US 4960219 A
A snap cap apparatus is provided for sealing individual or a plurality of containers having necked openings. The snap cap apparatus comprises one or more caps, each cap having a pliable cover, the cover supporting one or a plurality of caps for sealing corresponding containers having necked openings. The snap caps providing a chamber and concentrically positioned within the chamber are stopper elements with a base connected to the thin pliable cover. The stopper elements terminating in an exposed end portion which is tapered to a smaller dimension than the base, the exposed end portion being positioned proximal to the open end of the chamber of the cap, the cap and stopper element combining to define an open ring portion for receiving container opening neck portions.
1. A snap cap apparatus for containers having necked openings comprising:
a plurality of caps, each cap defining an open chamber with an open end having wall thickness tapered from outside to inside, the caps being arranged and connected by a thin pliable cover which forms with the wall a closed end and in cooperation with the wall defines the chamber;
the caps having stopper elements concentrically positioned within the chamber, the stopper elements each having a base connected to the thin pliable cover and presenting a smaller tapered exposed end portion which is proximal to the open end of the chamber, the cap and stopper element defining an open ring portion for receiving container opening neck portions.
2. The snap cap apparatus according to claim 1 wherein the plurality of caps having stopper elements concentrically positioned within said caps are of different dimensions from one snap cap to another including different cross section dimension and depth of cap chamber and stopper elements.
3. The snap cap apparatus according to claim 1 wherein the caps and stopper elements concentrically positioned therein are linearly arranged and connected by a thin, pliable cover, said pliable cover generally conforming to a reagent pack containing necked vial openings into which said stopper elements are to be inserted and the snap cap apparatus providing an open ring portion for receiving the vial neck portions.
4. The snap cap apparatus according to claim 1 wherein the thin pliable cover provides extended surface beyond the snap cap locations for handling means.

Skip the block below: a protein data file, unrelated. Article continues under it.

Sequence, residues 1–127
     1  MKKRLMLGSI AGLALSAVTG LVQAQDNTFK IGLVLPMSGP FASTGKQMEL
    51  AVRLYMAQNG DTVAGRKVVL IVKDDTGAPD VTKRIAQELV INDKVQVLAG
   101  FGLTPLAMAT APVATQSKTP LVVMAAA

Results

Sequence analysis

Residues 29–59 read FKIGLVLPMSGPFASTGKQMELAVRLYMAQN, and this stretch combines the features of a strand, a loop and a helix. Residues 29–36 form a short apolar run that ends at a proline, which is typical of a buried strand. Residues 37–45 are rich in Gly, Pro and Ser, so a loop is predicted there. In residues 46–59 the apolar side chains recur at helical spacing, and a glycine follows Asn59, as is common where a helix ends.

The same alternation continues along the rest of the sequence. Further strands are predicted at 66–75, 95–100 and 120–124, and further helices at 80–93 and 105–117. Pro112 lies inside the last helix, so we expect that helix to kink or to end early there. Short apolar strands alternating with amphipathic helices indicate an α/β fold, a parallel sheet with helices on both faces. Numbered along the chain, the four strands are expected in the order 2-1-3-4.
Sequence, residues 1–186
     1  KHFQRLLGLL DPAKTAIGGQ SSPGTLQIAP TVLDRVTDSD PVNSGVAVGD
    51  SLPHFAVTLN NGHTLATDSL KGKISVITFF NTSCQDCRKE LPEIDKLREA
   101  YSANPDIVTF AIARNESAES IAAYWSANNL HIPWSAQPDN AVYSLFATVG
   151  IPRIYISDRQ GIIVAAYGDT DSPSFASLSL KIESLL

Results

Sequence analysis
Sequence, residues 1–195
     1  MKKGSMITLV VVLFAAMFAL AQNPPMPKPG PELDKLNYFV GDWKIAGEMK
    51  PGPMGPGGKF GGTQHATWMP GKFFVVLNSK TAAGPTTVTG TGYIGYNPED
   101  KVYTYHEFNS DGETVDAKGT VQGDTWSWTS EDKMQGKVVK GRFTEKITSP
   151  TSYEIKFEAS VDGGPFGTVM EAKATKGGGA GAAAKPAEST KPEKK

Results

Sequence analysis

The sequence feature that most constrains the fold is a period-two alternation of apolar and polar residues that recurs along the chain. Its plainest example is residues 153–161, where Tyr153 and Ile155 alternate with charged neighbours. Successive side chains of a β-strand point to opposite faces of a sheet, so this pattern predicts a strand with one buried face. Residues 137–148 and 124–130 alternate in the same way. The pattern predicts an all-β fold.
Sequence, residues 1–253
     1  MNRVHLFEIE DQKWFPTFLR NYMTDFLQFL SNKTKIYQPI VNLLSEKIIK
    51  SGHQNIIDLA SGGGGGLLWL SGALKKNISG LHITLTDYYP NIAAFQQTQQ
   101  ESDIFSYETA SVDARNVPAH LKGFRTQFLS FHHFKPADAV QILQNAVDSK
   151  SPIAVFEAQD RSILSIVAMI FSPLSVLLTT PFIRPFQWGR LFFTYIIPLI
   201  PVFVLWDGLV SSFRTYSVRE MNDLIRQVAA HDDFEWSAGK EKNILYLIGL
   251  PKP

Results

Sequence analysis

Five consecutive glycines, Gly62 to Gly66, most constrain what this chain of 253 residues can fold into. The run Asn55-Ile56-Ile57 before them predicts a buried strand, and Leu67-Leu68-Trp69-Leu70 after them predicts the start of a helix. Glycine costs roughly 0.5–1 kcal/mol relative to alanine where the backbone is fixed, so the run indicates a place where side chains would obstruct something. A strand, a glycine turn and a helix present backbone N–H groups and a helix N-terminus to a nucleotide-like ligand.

5. The snap cap apparatus according to claim 1 wherein the thin pliable cover containing the snap caps has a first and second surface, with the snap caps mounted on a first surface and projecting away from said first surface while the second surface is generally planer and is outwardly flanged from an inner end.
6. The snap cap apparatus according to claim 1 wherein the stopper elements tapered exposed end portions are recessed within the chamber from the chamber open end.
7. The snap cap apparatus according to claim 1 wherein the stopper elements base is larger than the tapered exposed end portion and the tapered end portion begins approximately midway between the base and the smaller tapered exposed end portion.
8. The snap cap apparatus according to claim 1 wherein the stopper elements have a maximum cross sectional dimension which is equal to or slightly larger than the cross sectional dimension of the inside of the container necked opening.
9. The snap cap apparatus according to claim 1 wherein the cap wall defines a cross sectional dimension which is equal to or slightly smaller than the cross sectional dimension of the exterior of the necked portion of the containers.
10. The snap cap apparatus according to claim 1 wherein the plurality of caps are arranged in a non-linear relationship on the thin pliable cover.
11. A snap cap apparatus for containers having necked openings comprising:
a cap defining an open chamber with an open end having wall thickness and a wall open end portion which tapers axially and laterally inwardly in relationship to the chamber from the outer diameter to the inner diameter of said wall, the wall mounted to a thin pliable cover which forms a closed end of the chamber and in cooperation with the wall, defines the chamber;
the cap having a stopper element concentrically positioned within the chamber, the stopper element having a base connected to the thin pliable cover and presenting a smaller tapered side wall terminating into an end wall which is proximal to the open end of the chamber, the cap and stopper element defining an open ring portion for receiving container opening neck portions.
12. A snap cap apparatus for containers having necked openings comprising a plurality of caps, each cap defining an open ended cylindrical chamber with the open end presenting a cylindrical wall which is tapered from outside diameter inwardly to the inside diameter, the caps being arranged on a thin pliable cover which forms with the wall a closed end of the cylindrical chamber; the caps having stopper elements mounted concentrically within the cylindrical chamber, the stopper elements each having an exposed cylindrical end portion connected to an enlarged cylindrical base through an inverted conical section, the stopper elements being connected at the base to the thin pliable cover; the stopper elements having a smaller diameter than the inside diameter of the cap, the cap and stopper element defining an open ring portion for receiving neck portions of the container openings.